And so I saw that CRJE, formally Border Crossers, was hiring trainers. And because I was a former teacher who taught high school for seven years and taught US history at that, I knew that I could definitely do some of the trainings at different schools. I can choose the scheduling, which ones I could do, which ones I couldn’t do. And so I made my way into the non-profit sector in that way, right? And from there I transitioned into being the program manager also with very strict hours just because I needed to make sure that I also had hours to write. And then from there I stayed and became the director of programs.
TURNER: So you were able to finish the dissertation?
ORTIZ: I was while working, which is huge. While working and I have two kids, which I can also talk a little bit about. But yes, I was able to. I was very… I have a great advisor and we made out a plan and I started to make sure that I was setting out days for my writing and I took those as serious as a work day. I was fortunate to have family to step in to support with the children. My partner. I think in thinking about when you’re doing this, defending or going through the PhD route, what it means to have a partner who’s going to stand by you through it is critical, and I was fortunate to definitely have one who was like, “Go write. Don’t worry about the kids.” So yeah.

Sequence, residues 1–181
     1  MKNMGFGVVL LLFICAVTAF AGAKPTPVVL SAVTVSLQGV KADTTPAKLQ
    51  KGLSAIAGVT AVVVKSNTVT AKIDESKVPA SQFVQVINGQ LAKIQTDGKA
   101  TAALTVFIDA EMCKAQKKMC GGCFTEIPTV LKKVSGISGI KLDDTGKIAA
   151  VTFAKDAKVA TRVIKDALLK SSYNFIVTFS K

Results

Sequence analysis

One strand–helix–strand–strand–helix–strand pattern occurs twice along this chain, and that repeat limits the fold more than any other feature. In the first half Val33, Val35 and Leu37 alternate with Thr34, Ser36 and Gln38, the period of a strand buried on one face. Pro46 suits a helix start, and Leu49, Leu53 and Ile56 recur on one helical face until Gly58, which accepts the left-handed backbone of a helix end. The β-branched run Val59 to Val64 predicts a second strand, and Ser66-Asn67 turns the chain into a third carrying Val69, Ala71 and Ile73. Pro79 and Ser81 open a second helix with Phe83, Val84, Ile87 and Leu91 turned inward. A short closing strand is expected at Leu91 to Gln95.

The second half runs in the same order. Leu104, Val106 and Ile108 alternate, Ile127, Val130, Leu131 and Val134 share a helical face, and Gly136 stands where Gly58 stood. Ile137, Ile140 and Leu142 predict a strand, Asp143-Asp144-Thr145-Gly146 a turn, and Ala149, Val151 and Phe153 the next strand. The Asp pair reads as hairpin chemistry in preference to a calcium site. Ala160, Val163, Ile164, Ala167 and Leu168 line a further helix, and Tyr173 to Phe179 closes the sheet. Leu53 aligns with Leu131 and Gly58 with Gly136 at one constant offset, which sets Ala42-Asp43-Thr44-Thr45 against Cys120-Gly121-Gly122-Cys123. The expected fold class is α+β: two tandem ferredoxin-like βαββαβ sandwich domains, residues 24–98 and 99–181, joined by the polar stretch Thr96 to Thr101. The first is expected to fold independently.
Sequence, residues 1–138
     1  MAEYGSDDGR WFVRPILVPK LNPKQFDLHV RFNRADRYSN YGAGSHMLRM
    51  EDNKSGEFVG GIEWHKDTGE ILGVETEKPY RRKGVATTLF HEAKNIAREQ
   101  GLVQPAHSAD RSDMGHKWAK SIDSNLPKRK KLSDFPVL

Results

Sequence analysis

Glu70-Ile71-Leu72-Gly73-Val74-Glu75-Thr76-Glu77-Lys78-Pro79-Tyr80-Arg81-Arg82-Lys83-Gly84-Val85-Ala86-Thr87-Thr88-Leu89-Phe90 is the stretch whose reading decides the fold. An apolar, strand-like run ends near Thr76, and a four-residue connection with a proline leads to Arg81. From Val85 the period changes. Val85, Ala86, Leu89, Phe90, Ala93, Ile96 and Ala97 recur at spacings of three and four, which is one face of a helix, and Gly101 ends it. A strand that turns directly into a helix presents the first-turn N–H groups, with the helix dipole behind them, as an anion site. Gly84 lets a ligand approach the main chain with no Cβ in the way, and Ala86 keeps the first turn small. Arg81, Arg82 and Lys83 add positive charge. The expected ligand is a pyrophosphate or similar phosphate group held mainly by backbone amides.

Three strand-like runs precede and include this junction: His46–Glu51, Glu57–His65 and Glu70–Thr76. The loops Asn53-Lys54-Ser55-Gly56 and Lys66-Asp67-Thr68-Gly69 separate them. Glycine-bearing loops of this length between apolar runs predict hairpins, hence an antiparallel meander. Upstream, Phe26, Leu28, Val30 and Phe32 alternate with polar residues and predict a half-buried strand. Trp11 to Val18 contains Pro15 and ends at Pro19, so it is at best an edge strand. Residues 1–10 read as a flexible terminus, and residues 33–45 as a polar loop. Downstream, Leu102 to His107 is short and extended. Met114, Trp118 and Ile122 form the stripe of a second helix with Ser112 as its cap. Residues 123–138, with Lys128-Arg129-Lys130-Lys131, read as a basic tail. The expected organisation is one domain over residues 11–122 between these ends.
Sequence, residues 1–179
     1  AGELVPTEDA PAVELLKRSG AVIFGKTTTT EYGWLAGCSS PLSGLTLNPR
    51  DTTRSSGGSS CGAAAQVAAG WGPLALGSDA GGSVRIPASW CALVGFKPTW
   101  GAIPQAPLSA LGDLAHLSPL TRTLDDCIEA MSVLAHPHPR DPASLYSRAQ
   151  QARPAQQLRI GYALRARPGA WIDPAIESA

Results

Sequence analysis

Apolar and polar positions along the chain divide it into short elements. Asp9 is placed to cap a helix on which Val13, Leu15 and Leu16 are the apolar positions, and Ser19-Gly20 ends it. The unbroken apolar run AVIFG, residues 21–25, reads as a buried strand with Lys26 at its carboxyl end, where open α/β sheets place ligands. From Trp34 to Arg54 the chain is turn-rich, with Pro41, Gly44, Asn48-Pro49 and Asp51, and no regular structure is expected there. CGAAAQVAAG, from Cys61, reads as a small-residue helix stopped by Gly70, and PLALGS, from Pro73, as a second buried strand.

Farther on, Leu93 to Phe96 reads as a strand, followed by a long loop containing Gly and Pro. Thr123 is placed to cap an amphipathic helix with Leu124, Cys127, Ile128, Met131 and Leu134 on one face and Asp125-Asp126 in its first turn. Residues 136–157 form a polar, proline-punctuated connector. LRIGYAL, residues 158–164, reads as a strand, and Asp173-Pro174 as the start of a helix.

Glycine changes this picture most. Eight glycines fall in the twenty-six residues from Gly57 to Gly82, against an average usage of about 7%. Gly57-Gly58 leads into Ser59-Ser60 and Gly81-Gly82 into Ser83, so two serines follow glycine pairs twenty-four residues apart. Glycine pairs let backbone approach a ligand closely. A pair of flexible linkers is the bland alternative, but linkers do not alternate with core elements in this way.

TURNER: So strict writing deadlines and goals I’ve also heard that is crucial.
ORTIZ: It is crucial. And what I will say is that you also have to learn what kind of writer you are and what kind of researcher you are and student you are right? I think what was clear to me is that I definitely needed deadlines. I needed that accountability from my advisor in order to actually write. And so what I would do is if I knew that I was meeting with my advisor, let’s say Wednesday, a week before that Wednesday I would set a timer so to then say, you need to be submitting this to your advisor by Friday.